Sharper Management


Board Tips: Managing Open Forum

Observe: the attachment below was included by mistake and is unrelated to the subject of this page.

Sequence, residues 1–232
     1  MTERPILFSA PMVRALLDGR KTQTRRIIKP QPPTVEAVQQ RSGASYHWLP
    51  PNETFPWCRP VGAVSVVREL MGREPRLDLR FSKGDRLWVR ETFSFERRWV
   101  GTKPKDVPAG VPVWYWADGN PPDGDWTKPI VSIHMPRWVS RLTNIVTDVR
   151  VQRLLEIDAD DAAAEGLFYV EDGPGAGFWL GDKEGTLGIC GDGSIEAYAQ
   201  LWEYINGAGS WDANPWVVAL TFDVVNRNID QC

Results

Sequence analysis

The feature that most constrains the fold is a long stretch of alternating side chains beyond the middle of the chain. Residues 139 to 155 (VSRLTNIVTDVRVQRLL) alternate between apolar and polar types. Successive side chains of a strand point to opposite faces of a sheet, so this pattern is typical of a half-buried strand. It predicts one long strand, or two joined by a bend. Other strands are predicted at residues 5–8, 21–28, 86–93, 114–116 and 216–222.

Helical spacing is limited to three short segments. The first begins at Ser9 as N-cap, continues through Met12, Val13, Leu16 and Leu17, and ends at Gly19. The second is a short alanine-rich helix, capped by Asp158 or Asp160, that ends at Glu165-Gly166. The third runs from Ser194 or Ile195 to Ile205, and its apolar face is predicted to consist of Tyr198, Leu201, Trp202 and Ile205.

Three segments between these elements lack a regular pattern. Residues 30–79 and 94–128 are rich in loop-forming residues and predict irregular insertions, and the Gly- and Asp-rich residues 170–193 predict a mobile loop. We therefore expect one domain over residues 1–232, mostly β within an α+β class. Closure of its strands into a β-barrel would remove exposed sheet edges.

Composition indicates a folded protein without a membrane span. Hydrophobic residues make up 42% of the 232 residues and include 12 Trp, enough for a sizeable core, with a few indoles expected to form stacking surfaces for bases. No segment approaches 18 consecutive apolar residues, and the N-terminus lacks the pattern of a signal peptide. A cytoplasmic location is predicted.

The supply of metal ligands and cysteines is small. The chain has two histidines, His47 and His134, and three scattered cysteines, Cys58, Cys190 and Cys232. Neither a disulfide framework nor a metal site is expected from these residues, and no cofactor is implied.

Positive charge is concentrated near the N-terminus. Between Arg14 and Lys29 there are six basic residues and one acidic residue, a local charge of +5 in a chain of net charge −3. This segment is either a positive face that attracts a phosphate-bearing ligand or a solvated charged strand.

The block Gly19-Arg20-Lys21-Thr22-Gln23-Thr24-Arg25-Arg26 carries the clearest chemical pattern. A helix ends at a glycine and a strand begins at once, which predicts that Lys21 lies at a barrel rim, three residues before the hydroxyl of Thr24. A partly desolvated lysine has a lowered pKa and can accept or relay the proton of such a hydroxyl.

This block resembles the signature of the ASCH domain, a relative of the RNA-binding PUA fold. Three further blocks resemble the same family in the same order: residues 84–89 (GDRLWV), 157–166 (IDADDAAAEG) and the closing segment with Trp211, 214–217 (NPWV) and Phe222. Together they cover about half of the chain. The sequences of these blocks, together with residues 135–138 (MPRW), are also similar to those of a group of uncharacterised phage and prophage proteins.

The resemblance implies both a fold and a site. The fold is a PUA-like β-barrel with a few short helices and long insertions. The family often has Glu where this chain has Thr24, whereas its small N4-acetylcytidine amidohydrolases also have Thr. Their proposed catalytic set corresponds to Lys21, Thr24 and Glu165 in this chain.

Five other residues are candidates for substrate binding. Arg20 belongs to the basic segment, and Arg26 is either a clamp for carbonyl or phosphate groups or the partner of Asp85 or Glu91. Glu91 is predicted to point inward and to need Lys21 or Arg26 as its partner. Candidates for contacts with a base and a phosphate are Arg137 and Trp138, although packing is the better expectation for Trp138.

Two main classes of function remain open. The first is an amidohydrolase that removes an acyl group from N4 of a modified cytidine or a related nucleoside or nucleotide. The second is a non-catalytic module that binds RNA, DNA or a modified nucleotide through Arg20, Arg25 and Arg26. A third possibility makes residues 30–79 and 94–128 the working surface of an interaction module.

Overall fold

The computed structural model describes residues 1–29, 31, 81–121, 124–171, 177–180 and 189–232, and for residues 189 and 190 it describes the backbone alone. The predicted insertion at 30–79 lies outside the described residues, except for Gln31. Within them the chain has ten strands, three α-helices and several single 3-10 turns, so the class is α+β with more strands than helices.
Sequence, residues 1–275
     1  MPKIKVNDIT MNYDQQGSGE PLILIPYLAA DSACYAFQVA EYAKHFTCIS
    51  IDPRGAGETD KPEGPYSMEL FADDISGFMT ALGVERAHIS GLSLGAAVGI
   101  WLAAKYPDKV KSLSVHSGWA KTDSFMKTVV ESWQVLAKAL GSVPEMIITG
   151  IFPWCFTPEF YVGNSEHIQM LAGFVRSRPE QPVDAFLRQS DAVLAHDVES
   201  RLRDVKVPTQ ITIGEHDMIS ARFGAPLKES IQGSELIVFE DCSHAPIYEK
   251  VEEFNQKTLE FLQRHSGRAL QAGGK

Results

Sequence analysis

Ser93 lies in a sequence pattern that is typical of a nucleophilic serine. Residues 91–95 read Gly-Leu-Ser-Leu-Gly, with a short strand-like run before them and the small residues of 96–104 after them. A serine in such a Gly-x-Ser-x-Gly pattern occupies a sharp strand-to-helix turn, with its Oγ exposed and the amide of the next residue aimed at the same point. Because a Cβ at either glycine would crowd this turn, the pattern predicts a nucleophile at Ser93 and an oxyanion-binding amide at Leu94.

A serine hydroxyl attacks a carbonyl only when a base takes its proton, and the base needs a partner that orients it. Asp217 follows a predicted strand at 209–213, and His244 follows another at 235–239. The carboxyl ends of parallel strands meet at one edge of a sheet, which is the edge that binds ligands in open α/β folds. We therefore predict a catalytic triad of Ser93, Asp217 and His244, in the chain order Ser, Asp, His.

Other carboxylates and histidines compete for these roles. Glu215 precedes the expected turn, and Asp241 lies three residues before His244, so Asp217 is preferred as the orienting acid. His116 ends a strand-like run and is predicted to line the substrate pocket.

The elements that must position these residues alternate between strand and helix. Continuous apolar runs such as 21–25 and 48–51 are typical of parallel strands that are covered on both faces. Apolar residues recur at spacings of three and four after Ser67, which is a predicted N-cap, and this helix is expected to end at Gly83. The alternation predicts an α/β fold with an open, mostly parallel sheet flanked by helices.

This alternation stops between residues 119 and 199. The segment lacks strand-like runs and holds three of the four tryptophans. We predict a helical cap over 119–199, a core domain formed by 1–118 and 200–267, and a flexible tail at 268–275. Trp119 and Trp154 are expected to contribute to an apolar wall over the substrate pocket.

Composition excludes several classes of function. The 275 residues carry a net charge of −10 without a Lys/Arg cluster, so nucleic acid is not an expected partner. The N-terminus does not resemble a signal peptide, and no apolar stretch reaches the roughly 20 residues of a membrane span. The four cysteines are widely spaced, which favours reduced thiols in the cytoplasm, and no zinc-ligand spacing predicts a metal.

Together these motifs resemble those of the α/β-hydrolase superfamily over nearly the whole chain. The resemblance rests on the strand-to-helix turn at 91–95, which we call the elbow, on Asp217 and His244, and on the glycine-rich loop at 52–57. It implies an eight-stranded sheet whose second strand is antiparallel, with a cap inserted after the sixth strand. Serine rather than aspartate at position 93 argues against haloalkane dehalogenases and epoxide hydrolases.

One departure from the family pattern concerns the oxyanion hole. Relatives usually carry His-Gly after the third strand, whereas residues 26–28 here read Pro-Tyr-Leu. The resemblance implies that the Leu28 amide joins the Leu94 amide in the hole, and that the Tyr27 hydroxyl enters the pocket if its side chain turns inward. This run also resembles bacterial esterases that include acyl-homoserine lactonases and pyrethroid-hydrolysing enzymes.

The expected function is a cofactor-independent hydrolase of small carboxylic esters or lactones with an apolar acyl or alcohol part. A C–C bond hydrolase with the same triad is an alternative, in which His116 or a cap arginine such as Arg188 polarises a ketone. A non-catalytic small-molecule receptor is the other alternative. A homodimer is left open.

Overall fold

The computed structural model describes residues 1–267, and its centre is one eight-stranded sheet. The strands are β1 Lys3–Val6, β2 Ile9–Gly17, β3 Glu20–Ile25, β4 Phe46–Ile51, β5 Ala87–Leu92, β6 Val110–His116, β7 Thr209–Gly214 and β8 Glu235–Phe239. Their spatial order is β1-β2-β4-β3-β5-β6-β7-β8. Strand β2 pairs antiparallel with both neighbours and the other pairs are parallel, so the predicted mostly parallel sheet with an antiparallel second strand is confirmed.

If your Association falls under state statue 515B (Minnesota Common Interest Ownership Act – applying to all Association build after June 1994 and all Condominium Associations) you are required to hold “open board meetings.”  This means owners can attend. If you don’t fall under 515B, but rather 317A (Minnesota Non Profit Corporate Act), you are not required to hold “open board meetings” unless your governing documents state otherwise – HOWEVER, it is strongly recommended that you do hold open meetings to avoid controversy. Sometimes “open meetings” can create problems and distractions for the Board in trying to conduct business. A good way to provide an outlet for homeowners to be heard is to offer an “open forum” portion of the meeting. Before/after that time, it is a business meeting of the Board and those attending may only observe. We’ve written extensively on this topic before, but some key functions to make this work effectively are; *    Setting an allotted amount of time *    Set the proper tone for constructive dialog *    Allow only one person at a time to speak *    Require homeowners to “register” their issue prior to the meeting *    Set an expectation that they may not have an answer that evening but the Board will take it into consideration and get back to them. Remember, the open forum is not an official segment of the meeting. The purpose of this article is to shed light on WHEN the open forum might be conducted. Before the meeting or after the meeting. There are two schools of thought and each has its pros and cons. Before the Meeting + You have a set time to call the meeting to order (on the Agenda), so you can control the time frame + You have the option to later address their issue under New Business + Homeowners have the option to leave after stating their concern without staying for the entire meeting – Sometimes it creates the expectation that an issue will, in fact, be addressed at that meeting – A strong meeting facilitator is required, or the open forum could spill in to official meeting time – It can derail your meeting and what you had planned to address via the Agenda After the Meeting + Issues on a homeowner’s mind may well have been addressed during the business meeting + Homeowner are often tired after observing the business meeting, and any hostile energy may subside + Homeowners may not stay for the entire meeting in waiting to get to the open forum – The meeting topics may generate further questions and open forum can become a Q&A session – Fatigue may set in for both Board members and homeowners alike – Facilities may be reaching closing time and the opportunity may be lost Hopefully these tips can help create productive open forum sessions – and hopefully it provides you with insight on when you may want to offer it in conjunction with your Board meetings.